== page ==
Boeing benefits from faster airplane deliveries
Boeing is cranking out planes faster, and it's paying off.
The big U.S. aerospace company is on track to meet delivery targets for the year, and on Wednesday raised its profit guidance and reported a better-than-expected profit for the third quarter.
Boeing has been speeding up production, aiming to get some of its newest planes out the door faster. Its new 787 is getting the most scrutiny because it was three years late when it began hauling passengers last year.
Much of a new plane is paid for at delivery, so faster deliveries mean better cash flow. Boeing's revenue from commercial planes jumped 28 percent to $12.19 billion in the most recent quarter.
Boeing said on Wednesday that it will hit its delivery targets — 585 to 600 commercial planes this year, up from 477 last year. That includes 70 to 85 of a mix of 787s and 747-8s, with about half being 787s. This week Boeing said it has boosted production of its profitable, long-haul 777 to 8.3 per month.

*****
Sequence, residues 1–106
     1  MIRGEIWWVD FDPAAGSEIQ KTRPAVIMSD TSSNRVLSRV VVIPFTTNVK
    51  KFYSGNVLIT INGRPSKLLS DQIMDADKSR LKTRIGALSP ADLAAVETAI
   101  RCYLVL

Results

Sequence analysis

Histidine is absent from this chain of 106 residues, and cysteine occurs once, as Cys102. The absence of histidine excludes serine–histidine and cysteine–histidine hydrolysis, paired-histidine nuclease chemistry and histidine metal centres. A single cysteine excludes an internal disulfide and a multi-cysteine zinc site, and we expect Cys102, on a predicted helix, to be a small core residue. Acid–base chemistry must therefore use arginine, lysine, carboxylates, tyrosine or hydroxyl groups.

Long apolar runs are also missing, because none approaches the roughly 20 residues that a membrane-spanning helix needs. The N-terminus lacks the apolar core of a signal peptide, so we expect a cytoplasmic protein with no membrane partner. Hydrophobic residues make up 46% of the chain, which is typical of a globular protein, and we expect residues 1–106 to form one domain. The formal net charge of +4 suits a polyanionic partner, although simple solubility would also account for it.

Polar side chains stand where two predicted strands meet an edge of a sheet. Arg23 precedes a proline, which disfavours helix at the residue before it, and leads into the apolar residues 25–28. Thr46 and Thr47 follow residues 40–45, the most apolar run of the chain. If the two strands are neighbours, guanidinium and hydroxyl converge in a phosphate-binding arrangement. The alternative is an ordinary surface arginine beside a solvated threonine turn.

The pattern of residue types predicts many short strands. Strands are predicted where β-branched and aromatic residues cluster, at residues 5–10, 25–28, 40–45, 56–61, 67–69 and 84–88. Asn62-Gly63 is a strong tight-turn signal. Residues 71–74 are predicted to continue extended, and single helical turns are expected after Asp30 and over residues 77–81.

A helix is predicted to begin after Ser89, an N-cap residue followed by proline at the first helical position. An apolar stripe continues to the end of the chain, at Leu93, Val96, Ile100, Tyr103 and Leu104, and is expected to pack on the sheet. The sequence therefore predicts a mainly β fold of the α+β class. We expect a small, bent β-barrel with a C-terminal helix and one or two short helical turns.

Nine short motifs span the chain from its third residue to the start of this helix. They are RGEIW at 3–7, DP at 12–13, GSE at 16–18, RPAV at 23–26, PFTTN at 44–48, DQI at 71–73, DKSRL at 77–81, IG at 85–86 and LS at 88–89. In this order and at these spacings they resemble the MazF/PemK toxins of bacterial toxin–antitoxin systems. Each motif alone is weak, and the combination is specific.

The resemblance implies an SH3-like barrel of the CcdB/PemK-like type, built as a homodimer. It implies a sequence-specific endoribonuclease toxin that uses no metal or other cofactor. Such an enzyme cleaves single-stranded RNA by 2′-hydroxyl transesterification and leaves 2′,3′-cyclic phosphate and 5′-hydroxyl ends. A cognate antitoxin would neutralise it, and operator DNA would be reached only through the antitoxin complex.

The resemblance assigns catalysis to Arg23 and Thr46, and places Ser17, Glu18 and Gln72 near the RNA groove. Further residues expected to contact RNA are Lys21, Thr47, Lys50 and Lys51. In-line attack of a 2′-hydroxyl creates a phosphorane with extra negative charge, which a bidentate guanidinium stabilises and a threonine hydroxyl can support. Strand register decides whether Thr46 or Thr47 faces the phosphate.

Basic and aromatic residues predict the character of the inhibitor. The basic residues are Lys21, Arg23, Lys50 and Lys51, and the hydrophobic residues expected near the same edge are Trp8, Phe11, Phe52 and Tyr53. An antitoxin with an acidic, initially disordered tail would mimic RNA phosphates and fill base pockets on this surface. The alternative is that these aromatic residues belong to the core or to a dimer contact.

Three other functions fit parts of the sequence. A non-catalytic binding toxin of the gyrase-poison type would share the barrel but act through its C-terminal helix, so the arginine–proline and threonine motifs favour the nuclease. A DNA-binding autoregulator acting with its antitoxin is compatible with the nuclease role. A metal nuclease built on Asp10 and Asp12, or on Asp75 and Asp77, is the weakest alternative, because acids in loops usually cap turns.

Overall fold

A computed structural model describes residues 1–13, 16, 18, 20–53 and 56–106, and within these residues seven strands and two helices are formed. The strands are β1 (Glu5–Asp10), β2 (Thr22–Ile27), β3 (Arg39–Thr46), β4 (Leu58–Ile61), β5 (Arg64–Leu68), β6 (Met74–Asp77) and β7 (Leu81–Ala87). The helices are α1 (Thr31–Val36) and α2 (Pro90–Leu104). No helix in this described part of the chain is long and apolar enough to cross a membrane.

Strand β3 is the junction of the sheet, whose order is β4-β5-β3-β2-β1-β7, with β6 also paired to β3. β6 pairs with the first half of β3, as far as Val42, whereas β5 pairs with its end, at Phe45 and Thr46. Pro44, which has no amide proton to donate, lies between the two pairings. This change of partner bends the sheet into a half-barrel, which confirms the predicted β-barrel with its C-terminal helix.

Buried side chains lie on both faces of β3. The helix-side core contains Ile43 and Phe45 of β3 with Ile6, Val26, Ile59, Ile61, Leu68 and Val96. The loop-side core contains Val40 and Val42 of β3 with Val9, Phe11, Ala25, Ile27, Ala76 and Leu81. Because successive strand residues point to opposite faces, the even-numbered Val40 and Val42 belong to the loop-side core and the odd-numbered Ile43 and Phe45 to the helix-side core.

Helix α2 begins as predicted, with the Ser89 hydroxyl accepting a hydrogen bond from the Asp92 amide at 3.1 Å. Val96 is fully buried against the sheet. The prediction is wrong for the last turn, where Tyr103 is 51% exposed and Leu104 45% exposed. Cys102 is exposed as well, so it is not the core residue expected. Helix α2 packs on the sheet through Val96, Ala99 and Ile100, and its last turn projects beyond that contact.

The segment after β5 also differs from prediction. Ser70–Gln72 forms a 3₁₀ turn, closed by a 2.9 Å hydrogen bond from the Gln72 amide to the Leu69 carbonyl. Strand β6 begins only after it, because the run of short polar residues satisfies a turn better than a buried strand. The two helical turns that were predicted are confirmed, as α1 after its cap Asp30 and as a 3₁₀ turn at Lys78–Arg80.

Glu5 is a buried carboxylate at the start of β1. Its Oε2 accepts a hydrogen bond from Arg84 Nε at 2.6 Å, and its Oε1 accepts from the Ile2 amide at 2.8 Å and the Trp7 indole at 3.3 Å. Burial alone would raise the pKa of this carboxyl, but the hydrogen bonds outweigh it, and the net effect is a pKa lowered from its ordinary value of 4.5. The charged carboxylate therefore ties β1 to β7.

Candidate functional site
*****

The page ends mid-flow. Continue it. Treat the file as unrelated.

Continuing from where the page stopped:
Delivering 787s has proven to be tougher than Boeing expected. Dozens stacked up near its factory in Everett, Wash., needing fixes and modifications to get them ready for customers. The biggest parts of the 787 are made from composite fiber instead of the aluminum used in other Boeing planes, so there has been a learning curve on the factory floor.
"You'll start to see the cash engine picking up steam, and you've seen that this quarter, and we do expect that to continue going forward as we continue to grow and focus on productivity," Chief Financial Officer Greg Smith said on a conference call.
Boeing said half of its fourth-quarter 787 deliveries will come from the rework operation, with the other half coming from the assembly lines.